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“Game Night” Movie Review by Van Roberts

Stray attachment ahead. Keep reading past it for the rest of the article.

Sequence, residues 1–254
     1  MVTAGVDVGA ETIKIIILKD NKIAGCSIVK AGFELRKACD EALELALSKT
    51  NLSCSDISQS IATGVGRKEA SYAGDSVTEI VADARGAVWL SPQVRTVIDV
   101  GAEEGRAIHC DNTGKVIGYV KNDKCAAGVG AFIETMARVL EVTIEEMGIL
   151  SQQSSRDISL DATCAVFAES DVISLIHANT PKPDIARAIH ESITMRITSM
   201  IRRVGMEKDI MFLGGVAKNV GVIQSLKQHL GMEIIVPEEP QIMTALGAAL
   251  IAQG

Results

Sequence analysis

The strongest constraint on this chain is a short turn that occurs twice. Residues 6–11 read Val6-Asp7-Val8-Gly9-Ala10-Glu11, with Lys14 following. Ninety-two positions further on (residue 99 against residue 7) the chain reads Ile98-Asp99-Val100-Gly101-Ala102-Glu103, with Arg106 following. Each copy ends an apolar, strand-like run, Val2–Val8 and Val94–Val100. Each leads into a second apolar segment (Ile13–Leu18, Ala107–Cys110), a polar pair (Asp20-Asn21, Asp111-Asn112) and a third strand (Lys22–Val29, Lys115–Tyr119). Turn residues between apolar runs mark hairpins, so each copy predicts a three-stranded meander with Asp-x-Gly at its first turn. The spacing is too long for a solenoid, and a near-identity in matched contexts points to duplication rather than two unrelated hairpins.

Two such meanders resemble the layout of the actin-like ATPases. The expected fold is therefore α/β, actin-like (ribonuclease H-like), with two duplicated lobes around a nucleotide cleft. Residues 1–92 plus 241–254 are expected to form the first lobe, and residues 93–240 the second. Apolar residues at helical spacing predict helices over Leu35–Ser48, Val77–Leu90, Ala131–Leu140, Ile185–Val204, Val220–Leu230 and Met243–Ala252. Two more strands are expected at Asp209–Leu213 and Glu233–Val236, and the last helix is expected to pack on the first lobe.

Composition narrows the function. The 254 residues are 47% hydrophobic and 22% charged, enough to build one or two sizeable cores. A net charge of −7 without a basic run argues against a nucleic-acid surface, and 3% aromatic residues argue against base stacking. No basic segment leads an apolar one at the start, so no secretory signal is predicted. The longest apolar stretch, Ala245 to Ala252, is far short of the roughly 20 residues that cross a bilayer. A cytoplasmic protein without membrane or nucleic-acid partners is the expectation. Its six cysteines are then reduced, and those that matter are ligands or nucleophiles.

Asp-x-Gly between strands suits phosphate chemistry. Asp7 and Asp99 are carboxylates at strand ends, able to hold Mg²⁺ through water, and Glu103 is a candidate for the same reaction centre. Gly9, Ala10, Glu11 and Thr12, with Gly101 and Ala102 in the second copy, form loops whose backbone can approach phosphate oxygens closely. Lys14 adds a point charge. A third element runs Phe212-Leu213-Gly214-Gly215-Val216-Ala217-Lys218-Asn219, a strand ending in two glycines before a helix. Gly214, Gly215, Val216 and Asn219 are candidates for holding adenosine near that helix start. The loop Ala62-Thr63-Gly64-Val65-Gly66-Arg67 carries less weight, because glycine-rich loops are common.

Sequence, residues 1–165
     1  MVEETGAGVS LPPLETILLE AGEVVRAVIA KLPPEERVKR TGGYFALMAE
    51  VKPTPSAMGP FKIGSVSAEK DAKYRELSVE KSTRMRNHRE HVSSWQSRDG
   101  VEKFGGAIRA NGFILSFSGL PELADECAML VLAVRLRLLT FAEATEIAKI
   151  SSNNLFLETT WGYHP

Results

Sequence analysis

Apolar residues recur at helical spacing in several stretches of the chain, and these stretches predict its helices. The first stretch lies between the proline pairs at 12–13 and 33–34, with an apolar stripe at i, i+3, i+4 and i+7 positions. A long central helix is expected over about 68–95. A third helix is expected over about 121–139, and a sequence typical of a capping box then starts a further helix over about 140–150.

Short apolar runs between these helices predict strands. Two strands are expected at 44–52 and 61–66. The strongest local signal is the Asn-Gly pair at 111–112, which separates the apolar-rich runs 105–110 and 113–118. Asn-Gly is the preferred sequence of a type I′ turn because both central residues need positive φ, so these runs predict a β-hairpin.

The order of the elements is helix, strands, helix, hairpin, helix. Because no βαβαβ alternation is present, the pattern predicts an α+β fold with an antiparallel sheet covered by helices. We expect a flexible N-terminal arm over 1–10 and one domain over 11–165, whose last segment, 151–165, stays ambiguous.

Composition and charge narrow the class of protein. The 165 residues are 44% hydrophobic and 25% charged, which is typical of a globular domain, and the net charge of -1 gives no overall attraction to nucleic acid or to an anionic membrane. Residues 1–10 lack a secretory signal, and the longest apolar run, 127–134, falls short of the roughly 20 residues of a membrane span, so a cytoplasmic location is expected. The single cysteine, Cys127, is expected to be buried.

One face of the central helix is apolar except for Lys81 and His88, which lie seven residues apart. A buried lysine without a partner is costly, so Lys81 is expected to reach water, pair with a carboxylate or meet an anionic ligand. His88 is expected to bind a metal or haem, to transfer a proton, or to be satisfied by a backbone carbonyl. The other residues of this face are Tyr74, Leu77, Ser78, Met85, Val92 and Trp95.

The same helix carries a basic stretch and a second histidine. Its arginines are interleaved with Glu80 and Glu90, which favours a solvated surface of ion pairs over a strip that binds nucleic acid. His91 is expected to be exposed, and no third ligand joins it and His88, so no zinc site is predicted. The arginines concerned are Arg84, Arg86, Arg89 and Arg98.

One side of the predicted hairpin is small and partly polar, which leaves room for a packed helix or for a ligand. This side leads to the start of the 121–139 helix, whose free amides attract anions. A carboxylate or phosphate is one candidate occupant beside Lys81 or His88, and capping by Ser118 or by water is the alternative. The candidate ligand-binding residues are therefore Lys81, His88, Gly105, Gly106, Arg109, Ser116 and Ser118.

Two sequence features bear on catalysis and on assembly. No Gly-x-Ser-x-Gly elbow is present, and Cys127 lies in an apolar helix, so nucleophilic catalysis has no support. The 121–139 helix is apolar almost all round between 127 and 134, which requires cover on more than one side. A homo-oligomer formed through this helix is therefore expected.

The best movies spring one surprise after another in such swift succession that you struggle to keep up with all the revelations. “Vacation” co-directors John Francis Daley and Jonathan Goldstein, along with “Accepted” writer Mark Perez, never put the brakes on the momentum in their snappy comic thriller “Game Night” (***1/2 OUT OF ****), starring Jason Bateman, Rachel McAdams, and Kyle Chandler.  One thing that everybody hates is when somebody spoils those surprises.  The only unfortunate thing about “Game Night” is its two preview trailers blow the whistle on a couple of those surprises.  Fortunately, when I saw this madcap caper, I knew nothing about this sophisticated saga with its overlapping storylines.  If you’ve seen the two trailers, you may not be as surprised as I was by some of the shenanigans.  Nevertheless, Daley and Goldstein still conjure up more than enough chaos with their charismatic cast to keep you cackling like you’ve been gassed with helium.  “Game Night” qualifies as one of those nimble epics that keeps you guessing and then knocks you for a loop.  Daley and Goldstein take their quirky characters off on apparent tangents and then surprise them as much as they surprise us.  The straight-faced David Fincher comedy “The Game” (1997) compares favorably with “Game Night” with its theme of sibling rivalry. Groups of couples that often congregate for good times at their friend’s houses and compete over board games or at trivia quizzes are the protagonists of this witty tom foolery.  While Bateman, McAdams, and Chandler are the primary leads, the supporting cast that aids and abets them is not only as interesting, but it also provides sources for running gags throughout this 100-minute, R-rated outing.  Indeed, actor Billy Magnussen plays a male bimbo who is so hopelessly obtuse that he doesn’t realize what a nincompoop he is.